Why Tommy Davis is called Tommy Cash in that article? Is that satire?
    • Agree Agree x 1
  34. Anonymous Member

    Maybe the journalist was also doing a story on Pat Cash and mixed them up?
    patcash_16qsgev-16qsgfo.jpg
    Looking forward to the report on the Pat Davis charity match.
  35. DodoTheLaser Member

    I still don't get it. Tommy's last name is Davis, not Cash.
    Was it sarcasm? Or the author was scared to use Tommy's
    real surname for the legal reasons? I just wonder.

    I also want to make sure I am not in a parallel universe or dead
    and people are not telling me about that. Ok, goodbye.
    • Funny Funny x 4
  36. ^ Could be something to do with the author being called Helen Bunglealert?
    tommy_cash.jpg
    “Tommy is his own man. Sturdy. Vigorous. The voice is woven with sinew and sensitivity. Clear. Picturesque. Readily comprehensible. The career, without flim-flam, guile or saccharine supplication, is careening happily up the trail to the top and stardom.”
    • Funny Funny x 1
  37. RolandRB Member

    Have you noticed any "swelling"?
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  38. The Wrong Guy Member

    The A.V. Club has reviewed Wright's book. Here are the last two paragraphs:

    In accessible, straightforward prose that does a fine job of rendering Scientology’s sometimes convoluted core concepts understandable, Wright captures its horrors and abuses, but also the seductive glamour. It’s a belief system with a sense of infinite possibilities in this world and the next, wedded to a life-affirming sense of community among true believers united in fighting for our planet’s salvation.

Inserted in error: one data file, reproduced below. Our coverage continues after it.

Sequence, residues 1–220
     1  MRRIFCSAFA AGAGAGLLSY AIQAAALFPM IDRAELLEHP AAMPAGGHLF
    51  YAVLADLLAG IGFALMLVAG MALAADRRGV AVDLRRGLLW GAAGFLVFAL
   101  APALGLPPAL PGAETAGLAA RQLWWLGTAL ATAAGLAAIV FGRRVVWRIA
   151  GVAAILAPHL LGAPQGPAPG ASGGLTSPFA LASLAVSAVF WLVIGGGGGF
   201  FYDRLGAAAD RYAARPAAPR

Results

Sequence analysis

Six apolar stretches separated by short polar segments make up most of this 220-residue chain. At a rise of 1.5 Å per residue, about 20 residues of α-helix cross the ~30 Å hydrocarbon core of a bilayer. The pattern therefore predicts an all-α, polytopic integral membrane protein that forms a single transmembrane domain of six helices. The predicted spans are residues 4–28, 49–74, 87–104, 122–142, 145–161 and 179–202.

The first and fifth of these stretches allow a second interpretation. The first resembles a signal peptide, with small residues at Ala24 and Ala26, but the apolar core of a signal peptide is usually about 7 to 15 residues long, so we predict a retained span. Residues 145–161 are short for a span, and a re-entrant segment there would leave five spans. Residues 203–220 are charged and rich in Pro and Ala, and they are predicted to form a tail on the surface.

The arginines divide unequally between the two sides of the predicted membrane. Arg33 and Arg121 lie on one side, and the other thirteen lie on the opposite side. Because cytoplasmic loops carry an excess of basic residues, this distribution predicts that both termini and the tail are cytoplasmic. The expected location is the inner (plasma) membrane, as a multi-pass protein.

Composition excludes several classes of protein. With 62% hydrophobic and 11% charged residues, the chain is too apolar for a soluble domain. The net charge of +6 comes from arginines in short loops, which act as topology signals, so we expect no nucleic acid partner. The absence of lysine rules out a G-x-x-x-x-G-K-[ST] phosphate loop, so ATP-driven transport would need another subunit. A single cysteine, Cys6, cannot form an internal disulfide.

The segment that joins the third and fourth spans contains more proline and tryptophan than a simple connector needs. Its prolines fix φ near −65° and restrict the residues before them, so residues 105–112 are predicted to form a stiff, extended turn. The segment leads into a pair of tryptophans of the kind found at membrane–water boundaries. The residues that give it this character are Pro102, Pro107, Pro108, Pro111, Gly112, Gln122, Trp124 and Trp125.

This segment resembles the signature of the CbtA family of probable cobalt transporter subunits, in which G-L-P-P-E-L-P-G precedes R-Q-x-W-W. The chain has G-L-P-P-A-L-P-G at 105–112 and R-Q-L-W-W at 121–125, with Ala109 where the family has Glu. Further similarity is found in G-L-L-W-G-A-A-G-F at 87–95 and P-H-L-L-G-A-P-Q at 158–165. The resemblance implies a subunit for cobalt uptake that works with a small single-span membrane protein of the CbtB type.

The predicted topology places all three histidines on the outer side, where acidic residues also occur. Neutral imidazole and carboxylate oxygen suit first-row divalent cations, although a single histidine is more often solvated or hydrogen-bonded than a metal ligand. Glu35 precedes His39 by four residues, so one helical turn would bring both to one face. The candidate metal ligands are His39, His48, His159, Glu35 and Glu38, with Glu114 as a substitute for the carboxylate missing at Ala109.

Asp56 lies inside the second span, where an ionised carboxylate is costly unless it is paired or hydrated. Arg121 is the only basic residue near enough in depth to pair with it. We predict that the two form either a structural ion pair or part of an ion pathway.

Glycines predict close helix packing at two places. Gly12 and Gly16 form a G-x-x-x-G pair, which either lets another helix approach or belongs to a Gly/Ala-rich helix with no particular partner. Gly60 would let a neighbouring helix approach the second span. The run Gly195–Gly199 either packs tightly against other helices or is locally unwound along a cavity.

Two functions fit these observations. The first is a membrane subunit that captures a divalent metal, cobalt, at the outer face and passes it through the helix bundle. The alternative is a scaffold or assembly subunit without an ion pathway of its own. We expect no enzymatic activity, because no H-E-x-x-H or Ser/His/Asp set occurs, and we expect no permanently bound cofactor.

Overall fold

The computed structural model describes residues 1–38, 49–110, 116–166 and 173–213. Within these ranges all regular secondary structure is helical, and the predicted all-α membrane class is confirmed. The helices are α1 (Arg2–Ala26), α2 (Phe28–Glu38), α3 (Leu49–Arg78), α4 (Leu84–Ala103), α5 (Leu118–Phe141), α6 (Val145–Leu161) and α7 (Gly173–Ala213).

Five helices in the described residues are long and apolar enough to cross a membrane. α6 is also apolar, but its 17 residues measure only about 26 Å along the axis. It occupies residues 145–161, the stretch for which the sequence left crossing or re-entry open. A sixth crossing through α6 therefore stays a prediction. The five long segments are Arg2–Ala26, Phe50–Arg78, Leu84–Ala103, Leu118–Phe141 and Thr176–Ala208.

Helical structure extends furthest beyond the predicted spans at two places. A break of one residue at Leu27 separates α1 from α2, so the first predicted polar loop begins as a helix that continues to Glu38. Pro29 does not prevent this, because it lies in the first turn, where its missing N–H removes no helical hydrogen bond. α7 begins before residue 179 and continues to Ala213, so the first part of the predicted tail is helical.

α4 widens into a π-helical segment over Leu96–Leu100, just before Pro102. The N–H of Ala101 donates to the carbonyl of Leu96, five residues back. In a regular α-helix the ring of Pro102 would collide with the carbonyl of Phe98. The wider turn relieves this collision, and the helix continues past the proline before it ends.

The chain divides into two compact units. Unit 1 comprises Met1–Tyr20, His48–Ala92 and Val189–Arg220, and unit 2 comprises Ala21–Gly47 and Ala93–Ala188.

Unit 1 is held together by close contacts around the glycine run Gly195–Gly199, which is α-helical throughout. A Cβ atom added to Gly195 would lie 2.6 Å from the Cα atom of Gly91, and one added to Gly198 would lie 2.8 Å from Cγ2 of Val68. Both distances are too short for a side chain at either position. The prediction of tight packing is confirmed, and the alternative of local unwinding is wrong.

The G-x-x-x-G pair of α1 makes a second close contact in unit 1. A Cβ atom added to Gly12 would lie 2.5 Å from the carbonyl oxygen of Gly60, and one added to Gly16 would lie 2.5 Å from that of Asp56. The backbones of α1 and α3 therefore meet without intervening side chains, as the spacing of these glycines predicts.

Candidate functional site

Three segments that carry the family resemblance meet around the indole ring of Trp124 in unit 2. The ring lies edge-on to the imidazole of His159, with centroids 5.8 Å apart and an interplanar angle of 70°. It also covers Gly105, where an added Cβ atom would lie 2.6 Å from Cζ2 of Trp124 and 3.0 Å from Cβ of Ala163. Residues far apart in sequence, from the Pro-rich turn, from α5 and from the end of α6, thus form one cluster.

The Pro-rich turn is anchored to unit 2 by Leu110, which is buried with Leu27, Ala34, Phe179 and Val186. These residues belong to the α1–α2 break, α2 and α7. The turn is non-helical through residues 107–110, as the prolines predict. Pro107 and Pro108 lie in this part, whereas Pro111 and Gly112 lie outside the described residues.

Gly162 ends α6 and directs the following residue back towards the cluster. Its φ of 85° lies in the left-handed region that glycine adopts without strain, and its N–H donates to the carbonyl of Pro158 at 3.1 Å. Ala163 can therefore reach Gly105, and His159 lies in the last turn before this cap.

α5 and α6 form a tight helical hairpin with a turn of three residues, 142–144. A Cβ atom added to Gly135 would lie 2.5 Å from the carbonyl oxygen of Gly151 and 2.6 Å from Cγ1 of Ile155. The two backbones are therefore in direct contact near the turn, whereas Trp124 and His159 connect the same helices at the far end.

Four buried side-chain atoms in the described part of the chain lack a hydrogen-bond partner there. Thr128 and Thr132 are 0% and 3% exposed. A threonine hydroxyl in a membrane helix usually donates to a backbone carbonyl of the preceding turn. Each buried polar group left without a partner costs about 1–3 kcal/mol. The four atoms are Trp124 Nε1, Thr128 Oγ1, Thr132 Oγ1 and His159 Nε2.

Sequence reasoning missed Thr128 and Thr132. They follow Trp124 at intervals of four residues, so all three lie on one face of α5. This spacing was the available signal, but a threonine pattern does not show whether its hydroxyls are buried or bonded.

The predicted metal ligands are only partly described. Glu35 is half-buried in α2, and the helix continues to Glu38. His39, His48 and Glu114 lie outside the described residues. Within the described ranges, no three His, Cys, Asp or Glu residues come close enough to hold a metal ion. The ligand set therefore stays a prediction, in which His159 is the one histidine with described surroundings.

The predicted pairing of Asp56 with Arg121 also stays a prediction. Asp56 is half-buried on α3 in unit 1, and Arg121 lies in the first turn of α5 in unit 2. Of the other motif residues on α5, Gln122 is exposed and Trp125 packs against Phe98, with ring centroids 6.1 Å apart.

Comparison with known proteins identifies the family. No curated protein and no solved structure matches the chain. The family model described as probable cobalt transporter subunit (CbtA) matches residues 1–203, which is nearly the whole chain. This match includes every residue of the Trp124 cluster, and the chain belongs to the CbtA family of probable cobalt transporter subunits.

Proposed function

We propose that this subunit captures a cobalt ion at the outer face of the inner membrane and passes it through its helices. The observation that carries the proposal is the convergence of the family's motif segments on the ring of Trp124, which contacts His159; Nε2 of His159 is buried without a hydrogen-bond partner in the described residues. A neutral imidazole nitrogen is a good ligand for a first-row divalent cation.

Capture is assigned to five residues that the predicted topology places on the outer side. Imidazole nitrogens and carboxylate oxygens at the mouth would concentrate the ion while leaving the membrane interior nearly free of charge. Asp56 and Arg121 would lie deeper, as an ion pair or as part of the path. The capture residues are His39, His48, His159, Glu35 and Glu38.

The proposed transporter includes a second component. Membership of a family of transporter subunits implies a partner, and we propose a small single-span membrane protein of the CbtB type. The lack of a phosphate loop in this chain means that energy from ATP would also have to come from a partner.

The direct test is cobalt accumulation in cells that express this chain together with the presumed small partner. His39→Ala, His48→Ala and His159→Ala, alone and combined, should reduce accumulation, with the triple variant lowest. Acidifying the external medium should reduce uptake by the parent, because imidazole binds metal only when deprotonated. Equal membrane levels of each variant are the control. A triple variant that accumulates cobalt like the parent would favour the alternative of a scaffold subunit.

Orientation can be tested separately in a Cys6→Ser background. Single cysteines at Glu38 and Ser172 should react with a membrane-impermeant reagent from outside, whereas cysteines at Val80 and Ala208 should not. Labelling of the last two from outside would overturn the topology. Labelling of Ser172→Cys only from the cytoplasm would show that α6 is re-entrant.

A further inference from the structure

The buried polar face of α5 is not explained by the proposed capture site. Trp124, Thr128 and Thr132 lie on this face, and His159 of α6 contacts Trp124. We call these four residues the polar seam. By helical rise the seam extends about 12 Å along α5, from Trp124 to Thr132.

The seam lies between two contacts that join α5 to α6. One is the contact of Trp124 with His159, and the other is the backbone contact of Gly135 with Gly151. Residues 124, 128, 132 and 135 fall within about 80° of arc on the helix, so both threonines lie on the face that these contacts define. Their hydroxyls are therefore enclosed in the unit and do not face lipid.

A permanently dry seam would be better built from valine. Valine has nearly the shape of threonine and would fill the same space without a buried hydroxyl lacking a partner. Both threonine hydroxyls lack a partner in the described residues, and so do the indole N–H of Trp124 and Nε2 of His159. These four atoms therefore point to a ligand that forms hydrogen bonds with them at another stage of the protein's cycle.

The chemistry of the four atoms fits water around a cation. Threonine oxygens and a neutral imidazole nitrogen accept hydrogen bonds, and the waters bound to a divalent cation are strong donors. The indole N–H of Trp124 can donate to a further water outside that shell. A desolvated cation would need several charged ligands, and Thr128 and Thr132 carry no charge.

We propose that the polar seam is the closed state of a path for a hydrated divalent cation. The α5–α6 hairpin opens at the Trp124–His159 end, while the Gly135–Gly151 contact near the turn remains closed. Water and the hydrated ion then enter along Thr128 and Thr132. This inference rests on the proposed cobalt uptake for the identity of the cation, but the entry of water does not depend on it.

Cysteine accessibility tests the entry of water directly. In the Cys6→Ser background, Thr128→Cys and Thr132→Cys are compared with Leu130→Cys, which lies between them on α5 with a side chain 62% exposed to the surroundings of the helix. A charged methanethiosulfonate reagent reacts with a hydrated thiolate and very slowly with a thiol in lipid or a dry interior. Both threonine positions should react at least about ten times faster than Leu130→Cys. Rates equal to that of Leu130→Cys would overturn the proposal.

In spite of its occasional excesses and redundancies, Going Clear is simultaneously a fearless, compelling, exhaustive work of muckraking journalism and a masterpiece of storytelling. It’s a ripping yarn about ego, money, abuse, faith, and the corrupting nature of power when wielded by the wrong people. It’s as lurid, pulpy, and preposterous-seeming as anything Hubbard or Haggis ever wrote, but it’s much better, because it has the benefit of being true.

    The whole review, and open comments, are here:
    www.avclub.com/articles/lawrence-wright-going-clear-scientology-hollywood,92334/
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  39. DodoTheLaser Member

    Repeal, bitches.

    i1ea2e.jpg
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  40. DeathHamster Member

    BTW, what heck are those flesh-tunnels running down Tom's forehead and up from his nose? Blood pressure set to overload?
    • Like Like x 3